The record of 145 m.y. of sedimentation on Shatsky Rise holds clues about the nature of oceanic environments during long intervals of global warmth and the transition to colder climates of the more recent geological past. The focus of Leg 198 scientific objectives was to understand the long-term transitions into and out of the warm-climate "greenhouse," as well as transient but critical events that occurred periodically, events that involved major changes in ocean circulation, geochemical cycling, and marine biotas. The record of this shifting climate was cored during Leg 198 in a depth transect that provides a multidimensional picture of the ocean during periods of relative stability and intervening episodes of environmental perturbation. The signature of both abrupt and gradual change is graphically displayed in the lithology, biota, and geochemistry of the sediments.
The deep-sea sedimentary record of Shatsky Rise contains evidence of brief intervals of open-ocean dysoxia during the early and middle parts of the Cretaceous period. These are followed by more stable times in the Late Cretaceous and Paleocene, when the rain of calcareous skeletal material from calcareous microplankton formed almost pure biogenic ooze on the seafloor. Three highly selective extinction events interrupted these stable times, one that affected a long-ranging group of bottom-dwelling clams at ~69 Ma in the mid-Maastrichtian; another, the well-known K/T boundary event at 65 Ma that almost eradicated surface-dwelling plankton; and a third at ~55 Ma that profoundly affected benthic organisms and caused the abrupt reorganization of calcareous plankton communities. Each of these events appears to have been associated with a unique environmental perturbation. Throughout the Paleogene and the Neogene, evidence for fluctuations in climate, oceanic circulation and chemistry, and/or marine productivity forced by orbital variations are expressed in prominent lithologic cycles.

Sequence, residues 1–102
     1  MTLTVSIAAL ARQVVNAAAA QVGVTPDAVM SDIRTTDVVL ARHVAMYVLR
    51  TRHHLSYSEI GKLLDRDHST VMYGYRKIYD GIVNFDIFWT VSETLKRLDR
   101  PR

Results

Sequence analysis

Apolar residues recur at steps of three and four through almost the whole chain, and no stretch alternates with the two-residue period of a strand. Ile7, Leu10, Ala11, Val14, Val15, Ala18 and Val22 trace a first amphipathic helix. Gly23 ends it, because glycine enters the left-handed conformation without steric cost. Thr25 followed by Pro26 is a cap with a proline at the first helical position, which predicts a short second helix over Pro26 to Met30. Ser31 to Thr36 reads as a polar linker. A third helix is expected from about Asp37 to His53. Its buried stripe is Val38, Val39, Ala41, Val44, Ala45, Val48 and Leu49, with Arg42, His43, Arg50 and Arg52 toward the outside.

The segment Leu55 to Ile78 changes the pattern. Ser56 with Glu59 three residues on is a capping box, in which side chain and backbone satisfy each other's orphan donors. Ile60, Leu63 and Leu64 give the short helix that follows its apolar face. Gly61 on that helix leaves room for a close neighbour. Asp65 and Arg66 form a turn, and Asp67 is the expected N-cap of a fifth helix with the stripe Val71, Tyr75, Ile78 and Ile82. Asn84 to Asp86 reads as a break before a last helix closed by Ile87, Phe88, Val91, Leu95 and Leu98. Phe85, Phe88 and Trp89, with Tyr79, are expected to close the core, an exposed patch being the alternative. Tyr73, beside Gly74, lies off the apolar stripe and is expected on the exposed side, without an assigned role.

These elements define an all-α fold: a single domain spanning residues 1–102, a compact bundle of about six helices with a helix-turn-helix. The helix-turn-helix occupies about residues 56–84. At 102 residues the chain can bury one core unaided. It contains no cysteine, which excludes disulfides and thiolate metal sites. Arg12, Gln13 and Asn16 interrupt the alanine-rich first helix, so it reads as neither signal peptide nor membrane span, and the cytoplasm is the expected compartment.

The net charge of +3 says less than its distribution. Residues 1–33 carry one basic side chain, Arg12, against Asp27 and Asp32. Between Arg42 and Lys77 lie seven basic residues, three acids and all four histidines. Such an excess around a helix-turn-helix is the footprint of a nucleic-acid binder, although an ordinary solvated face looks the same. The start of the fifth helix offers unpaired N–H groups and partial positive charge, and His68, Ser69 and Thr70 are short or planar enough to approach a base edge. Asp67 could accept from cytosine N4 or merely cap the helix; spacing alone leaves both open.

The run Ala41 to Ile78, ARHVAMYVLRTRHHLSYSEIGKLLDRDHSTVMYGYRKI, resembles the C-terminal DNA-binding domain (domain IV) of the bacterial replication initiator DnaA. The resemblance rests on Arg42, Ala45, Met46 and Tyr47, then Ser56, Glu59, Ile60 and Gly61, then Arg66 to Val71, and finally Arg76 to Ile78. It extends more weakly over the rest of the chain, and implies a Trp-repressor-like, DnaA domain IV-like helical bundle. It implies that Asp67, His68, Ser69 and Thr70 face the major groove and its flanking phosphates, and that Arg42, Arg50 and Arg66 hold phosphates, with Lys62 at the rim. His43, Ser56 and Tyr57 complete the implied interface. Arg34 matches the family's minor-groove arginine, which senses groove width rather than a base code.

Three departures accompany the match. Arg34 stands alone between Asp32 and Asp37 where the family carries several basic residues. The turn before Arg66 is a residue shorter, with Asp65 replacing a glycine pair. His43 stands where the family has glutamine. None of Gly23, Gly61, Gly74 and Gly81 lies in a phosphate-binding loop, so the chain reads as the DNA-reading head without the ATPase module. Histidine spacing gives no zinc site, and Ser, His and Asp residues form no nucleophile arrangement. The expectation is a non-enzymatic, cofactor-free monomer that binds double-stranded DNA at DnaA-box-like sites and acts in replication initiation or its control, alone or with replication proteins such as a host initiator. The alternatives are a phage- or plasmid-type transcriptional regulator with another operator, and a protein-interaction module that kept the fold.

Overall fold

The warm mid- to Late Cretaceous and early Paleogene climate came to an end, beginning about 50 Ma, but wholesale cooling did not begin until an abrupt event at ~33.5 Ma when ice sheets developed on Antarctica and the deep oceans suddenly filled with cold water. The youngest Shatsky Rise sediments contain clear evidence of the onset and peak of Northern Hemisphere glaciation in the last 2.7 m.y. Here we present a preliminary summary of the highlights of Leg 198 beginning with the Cretaceous and moving forward in time.